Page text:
Prior to going live at fire conferences, breathing data had to be developed accurately. To obtain results that could be accurately compared to each other requires a relatively consistent platform on which to conduct tests. These results have been verified through experience, drill observation, and consultations with doctors, military and sports psychologists, professional athletes, and personal body sensor device manufacturer researchers.

We tested the firefighters using treadmills. At the start of the test, each SCBA would be filled to approximately 1,500 pounds per square inch (psi) pressure because the subjects didn’t need to breathe down a full bottle to start breathing hard. This drill is designed to show the difference in the extension of air bottle time when combining our techniques vs. using no technique. Common sense would dictate that the percentages should transfer to a full-pressure bottle just as accurately.

Drill 1. Researchers elevated the treadmill to 3.0 and set the speed at 3.7 miles per hour (mph). The drill is timed from the moment the firefighter gets on air. For Drill 1, the firefighter continues walking until his low-air alarm activates. Once it activates, the treadmill speed is slowed to 2.5 mph (approximating the transition from intense work to self-rescue efforts) until the subject is completely out of air. The clock stops when the firefighter disconnects from his face piece.

Drill 2. This drill is the same as Drill 1, except that prior to the test, the firefighters are taught the breathing techniques and they choose one to practice. During the second drill, when the firefighter’s low-air alarm activates, he steps off the treadmill and calls a Mayday. He then shelters in place (finds a safe refuge) and gets into a comfortable position. During this process, the firefighter doffs his SCBA, finds a comfortable position on the floor, turns the SCBA upside-down in front of him to facilitate manipulating the wheel and controlling his personal alert safety system (PASS) alarm, all while implementing his chosen breathing technique to “catch” his breath. Once breathing is restored to near-normal levels, the manipulation of the air bottle begins by the timing and the turning of the wheel combined with the breathing technique.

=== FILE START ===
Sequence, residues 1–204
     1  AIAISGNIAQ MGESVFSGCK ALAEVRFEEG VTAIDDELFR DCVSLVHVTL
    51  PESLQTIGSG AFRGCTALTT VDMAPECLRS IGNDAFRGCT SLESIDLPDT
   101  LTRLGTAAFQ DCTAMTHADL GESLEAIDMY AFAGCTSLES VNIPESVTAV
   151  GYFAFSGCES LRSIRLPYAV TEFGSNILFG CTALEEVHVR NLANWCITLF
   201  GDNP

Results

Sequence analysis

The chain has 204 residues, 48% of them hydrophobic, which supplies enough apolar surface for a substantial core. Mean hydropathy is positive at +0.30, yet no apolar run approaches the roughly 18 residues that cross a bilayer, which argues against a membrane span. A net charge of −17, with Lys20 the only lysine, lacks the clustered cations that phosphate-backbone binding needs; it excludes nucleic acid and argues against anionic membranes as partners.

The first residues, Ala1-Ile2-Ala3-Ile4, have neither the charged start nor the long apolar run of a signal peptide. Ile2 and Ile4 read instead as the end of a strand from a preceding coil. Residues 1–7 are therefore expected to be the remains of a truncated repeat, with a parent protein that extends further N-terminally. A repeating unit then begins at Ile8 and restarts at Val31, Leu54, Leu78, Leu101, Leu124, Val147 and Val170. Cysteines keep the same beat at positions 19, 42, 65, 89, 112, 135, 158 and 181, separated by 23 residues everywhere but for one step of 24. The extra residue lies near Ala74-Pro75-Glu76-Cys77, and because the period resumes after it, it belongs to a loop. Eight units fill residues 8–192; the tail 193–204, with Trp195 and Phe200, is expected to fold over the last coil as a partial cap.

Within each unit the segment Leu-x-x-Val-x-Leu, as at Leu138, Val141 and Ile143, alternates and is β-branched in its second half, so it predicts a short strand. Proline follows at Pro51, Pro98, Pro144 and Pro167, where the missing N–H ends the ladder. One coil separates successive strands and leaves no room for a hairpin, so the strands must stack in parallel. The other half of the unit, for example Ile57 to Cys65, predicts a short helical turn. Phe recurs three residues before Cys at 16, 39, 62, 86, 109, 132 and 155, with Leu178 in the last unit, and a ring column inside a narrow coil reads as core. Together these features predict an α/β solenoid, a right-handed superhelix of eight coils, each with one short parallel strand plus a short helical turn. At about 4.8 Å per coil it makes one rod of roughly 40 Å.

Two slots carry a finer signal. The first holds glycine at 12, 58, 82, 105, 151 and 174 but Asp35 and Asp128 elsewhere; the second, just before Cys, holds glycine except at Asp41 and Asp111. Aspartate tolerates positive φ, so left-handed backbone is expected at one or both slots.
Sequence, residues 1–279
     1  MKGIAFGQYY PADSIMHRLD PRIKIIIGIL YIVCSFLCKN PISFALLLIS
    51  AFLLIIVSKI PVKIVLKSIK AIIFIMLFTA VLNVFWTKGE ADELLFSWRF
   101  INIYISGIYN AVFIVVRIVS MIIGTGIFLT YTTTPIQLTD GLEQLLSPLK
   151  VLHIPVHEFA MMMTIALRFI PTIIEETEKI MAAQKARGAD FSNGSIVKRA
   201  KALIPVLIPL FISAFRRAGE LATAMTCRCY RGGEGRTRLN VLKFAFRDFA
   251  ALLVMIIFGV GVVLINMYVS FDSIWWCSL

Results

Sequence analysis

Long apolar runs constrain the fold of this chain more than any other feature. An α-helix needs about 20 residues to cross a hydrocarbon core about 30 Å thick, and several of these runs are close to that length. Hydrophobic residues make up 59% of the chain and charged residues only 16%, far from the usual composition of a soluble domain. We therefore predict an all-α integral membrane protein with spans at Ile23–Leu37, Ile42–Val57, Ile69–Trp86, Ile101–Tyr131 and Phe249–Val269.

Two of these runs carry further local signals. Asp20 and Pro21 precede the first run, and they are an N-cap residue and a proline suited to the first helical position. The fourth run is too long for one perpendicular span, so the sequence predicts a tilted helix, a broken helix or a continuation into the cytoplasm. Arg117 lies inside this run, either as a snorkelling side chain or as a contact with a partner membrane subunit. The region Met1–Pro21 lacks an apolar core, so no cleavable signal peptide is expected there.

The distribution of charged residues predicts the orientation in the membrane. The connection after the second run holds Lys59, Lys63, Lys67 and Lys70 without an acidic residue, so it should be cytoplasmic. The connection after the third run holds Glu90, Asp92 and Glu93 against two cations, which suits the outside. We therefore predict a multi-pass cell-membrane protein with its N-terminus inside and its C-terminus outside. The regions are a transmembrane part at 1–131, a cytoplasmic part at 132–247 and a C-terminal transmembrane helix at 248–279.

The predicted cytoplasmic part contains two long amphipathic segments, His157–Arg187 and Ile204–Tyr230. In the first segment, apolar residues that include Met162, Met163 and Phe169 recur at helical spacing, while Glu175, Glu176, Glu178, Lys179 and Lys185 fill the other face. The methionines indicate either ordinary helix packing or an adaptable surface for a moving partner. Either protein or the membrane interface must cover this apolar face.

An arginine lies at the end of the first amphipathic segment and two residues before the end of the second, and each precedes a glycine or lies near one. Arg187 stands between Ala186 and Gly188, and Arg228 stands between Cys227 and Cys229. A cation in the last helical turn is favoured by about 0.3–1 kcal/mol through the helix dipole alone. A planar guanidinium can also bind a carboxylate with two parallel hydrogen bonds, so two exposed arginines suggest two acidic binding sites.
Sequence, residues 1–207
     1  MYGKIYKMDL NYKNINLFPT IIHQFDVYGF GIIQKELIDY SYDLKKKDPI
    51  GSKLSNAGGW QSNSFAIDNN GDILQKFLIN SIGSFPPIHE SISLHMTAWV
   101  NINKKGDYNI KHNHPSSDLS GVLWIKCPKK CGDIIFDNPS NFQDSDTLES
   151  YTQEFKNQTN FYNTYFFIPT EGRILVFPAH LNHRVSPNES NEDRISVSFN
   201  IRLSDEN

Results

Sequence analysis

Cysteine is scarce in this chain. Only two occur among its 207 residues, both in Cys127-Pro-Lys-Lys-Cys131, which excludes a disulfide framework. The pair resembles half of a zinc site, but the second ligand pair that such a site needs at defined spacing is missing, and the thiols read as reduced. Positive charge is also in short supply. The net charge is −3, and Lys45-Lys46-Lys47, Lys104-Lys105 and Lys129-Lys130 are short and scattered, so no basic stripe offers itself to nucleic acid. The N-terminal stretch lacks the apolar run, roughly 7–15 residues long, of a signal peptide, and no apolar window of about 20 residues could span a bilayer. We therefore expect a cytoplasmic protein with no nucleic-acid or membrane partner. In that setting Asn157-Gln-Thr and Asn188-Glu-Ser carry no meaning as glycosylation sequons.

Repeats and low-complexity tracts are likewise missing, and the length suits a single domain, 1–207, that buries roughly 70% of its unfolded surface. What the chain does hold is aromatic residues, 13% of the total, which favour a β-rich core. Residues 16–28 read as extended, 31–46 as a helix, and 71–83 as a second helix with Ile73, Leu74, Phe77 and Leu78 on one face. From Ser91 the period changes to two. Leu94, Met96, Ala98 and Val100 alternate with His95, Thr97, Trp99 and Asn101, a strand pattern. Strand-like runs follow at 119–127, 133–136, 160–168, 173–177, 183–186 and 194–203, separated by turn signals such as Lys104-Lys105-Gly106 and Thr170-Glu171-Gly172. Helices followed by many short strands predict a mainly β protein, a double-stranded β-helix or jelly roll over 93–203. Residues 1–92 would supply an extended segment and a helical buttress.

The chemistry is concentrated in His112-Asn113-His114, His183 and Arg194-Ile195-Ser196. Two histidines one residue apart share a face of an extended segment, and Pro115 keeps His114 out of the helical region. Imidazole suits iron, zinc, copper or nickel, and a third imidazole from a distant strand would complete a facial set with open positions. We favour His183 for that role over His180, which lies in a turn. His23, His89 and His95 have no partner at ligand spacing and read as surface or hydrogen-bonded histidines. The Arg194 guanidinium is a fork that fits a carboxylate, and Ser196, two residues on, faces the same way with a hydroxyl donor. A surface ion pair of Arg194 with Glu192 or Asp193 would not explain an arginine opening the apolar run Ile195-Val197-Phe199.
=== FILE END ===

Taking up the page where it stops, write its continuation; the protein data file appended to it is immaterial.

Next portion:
On inhalation of air, the wheel of the bottle is slowly closed as you gain a complete, full breath. If done correctly, the low-air alarm will stop as the wheel shuts off the bottle. Hence, the subject will have successfully used all the air in the lines, not leaving any residual air for the low-air alarm. During the exhale portion of the respiratory cycle, as you near the end of the exhalation cycle, crack open the bottle by slowly turning the wheel so as not to activate the low-air alarm as you begin the inspiratory cycle of your respiration.

It will take practice to find the “sweet spot” and be able to master this drill without activating the low-air alert. It will also take practice to develop the discipline necessary to master your breathing technique. There are a lot of moving parts to this drill, and your attention and focus will be tested when attempting it under duress.

Test Results

Seventy-five subjects were originally tested. Figure 1 shows the low and high averages consistently found in running the drills. Note that the first two graph items (Low-Air Alarm Only) involved no breathing to determine how long an air cylinder will last without human influence.